Durant had previously played with Green and Thompson on the 2016 Olympic gold medal-winning team in Rio de Janeiro.

“I think they have a lot in common,” Myers said. “They both love to win. They both love to play. I think they would play basketball for free. But, they’re competitive. It’s a relationship that wants to do great things together. They will, and they have. I think they’ve got a sound relationship. One of the best things about sports is that it’s emotional, and sometimes, it becomes too emotional.”

Green and Durant have long pushed one another. After Durant scored 22 points on 8-of-18 shooting in a Western Conference semifinals loss to the New Orleans Pelicans last May, Green told ESPN he was up all night watching film. At 4 a.m., he texted Durant in order to challenge him to be better.

Durant responded with three words: “I got you.” The next game, Golden State rode Durant’s 38 points to a 26-point Game 4 win.

On Monday, Green tried to take the ball up in the final seconds of a tie game against the Clippers, only to lose the handle instead of passing to Durant. Durant took him to task on the sideline. The two got heated, and were separated. After the game, and the reported shouting match in the locker room, Kerr and Myers immediately began evaluating the situation.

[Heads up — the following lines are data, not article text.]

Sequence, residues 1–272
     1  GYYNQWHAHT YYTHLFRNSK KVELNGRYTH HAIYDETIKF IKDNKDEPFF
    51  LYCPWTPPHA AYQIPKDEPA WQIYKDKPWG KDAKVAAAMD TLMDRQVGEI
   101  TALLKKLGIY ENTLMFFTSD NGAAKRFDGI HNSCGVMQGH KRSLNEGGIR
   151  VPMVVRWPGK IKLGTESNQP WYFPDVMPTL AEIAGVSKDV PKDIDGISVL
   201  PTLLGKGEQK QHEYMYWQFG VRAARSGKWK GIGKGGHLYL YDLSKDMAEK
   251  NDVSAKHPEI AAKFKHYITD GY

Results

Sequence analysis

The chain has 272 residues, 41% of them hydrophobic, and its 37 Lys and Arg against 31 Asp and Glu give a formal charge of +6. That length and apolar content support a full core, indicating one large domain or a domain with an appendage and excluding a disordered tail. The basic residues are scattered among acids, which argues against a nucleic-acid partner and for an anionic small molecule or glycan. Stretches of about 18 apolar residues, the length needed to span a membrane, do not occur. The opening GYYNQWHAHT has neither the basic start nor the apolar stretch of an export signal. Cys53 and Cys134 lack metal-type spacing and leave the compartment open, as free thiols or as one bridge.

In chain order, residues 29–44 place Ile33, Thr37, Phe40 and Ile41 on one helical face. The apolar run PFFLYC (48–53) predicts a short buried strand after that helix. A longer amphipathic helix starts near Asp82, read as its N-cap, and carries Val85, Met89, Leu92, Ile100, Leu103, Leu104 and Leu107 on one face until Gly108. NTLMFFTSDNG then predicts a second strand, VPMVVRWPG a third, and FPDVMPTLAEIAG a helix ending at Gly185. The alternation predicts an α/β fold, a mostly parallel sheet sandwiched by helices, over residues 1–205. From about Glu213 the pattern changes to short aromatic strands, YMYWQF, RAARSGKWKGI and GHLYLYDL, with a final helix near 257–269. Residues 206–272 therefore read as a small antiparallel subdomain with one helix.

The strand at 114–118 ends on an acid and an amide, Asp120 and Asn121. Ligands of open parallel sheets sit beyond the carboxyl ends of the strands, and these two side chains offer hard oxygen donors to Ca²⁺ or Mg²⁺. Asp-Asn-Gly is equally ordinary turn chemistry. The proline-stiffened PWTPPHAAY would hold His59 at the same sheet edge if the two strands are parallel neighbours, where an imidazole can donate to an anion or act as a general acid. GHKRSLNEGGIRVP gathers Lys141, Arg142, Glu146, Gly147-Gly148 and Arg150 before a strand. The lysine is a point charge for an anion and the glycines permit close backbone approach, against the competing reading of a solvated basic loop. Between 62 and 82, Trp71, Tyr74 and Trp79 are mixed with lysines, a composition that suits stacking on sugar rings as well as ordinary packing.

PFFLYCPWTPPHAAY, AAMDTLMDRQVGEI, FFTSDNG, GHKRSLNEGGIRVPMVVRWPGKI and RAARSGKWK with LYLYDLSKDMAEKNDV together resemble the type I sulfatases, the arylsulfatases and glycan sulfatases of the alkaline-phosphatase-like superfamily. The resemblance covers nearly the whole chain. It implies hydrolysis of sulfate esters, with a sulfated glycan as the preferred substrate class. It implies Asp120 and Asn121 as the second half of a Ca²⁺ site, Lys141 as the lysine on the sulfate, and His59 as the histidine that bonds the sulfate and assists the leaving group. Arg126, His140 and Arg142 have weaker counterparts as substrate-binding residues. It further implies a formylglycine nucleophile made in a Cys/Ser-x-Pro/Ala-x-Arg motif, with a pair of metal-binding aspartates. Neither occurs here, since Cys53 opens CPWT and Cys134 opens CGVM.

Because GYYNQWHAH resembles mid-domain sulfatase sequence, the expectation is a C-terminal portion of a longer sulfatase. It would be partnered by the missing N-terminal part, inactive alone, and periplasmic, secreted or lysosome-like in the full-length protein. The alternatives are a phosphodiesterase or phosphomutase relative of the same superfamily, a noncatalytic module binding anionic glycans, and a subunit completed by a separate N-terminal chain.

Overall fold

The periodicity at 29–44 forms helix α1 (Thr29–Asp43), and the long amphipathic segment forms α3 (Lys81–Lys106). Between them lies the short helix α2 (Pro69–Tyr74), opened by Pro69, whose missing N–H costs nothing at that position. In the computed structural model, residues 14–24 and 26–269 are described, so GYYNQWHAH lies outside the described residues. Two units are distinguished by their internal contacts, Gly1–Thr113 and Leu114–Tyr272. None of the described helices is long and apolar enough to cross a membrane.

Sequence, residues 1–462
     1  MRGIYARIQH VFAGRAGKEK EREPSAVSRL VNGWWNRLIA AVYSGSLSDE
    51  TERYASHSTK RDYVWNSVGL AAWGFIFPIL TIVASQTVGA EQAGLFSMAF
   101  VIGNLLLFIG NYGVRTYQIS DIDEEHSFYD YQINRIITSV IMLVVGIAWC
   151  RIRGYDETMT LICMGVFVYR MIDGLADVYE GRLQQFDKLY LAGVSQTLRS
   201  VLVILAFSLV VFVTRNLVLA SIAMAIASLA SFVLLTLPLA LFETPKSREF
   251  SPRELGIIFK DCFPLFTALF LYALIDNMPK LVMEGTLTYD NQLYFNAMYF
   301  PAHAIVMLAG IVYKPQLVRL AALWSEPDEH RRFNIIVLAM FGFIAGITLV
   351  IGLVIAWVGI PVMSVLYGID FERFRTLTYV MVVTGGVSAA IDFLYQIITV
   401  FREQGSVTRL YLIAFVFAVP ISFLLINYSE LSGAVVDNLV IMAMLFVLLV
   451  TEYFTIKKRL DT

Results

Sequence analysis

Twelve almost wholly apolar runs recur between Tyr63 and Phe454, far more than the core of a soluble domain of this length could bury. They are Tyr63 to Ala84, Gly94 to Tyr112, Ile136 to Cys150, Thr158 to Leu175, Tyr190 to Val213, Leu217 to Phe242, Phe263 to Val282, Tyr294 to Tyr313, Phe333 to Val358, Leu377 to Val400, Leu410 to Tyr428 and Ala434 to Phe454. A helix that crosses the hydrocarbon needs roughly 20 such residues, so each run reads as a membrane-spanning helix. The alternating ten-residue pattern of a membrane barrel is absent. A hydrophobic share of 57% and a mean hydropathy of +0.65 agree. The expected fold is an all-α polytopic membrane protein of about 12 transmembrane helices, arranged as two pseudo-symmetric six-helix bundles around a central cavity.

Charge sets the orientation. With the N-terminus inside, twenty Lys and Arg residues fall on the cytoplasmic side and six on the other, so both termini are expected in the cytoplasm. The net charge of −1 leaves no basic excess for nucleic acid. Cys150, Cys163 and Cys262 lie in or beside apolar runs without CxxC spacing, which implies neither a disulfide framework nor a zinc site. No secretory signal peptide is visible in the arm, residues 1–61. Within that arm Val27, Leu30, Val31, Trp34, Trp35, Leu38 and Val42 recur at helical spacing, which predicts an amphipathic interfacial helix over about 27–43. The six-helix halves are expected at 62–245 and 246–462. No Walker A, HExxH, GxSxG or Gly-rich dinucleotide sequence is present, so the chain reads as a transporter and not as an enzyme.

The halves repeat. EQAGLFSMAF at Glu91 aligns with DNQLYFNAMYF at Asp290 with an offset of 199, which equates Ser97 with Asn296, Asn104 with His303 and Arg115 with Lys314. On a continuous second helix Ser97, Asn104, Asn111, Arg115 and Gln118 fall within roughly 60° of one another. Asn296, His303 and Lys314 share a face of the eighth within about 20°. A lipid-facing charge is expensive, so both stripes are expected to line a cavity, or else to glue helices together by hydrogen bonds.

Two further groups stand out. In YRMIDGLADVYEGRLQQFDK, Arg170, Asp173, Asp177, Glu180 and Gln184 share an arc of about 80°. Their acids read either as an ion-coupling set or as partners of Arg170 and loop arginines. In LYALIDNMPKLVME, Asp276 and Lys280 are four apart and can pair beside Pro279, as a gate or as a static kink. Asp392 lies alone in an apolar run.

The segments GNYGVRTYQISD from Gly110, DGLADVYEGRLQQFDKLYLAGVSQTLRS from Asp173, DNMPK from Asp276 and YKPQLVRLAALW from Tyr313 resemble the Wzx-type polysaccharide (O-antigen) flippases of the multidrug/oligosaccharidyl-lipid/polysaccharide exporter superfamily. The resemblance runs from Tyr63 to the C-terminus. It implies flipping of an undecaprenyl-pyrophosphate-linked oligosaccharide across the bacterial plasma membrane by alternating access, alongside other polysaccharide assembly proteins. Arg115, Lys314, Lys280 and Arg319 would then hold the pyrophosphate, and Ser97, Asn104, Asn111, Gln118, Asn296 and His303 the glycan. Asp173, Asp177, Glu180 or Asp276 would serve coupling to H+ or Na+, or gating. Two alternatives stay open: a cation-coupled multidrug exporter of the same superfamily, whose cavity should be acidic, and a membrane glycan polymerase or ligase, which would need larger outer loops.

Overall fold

Kerr has spoken with Green since the suspension, but declined to divulge any details of that conversation. He did, however, immediately jump at the question of whether Durant’s free agency had festered in the locker room.

“Not the slightest bit,” Kerr said. “Nobody ever talks about Kevin’s free agency. It doesn’t bother any of us … This is the NBA. Guys are either under contract or they’re upcoming free agents. It’s the business, and we’re focused on this year. I don’t think anybody in our locker room, anybody on our coaching staff, thinks twice about Kevin’s free agency this summer. That’s next summer. We’re coaching this year. We’re playing this year.”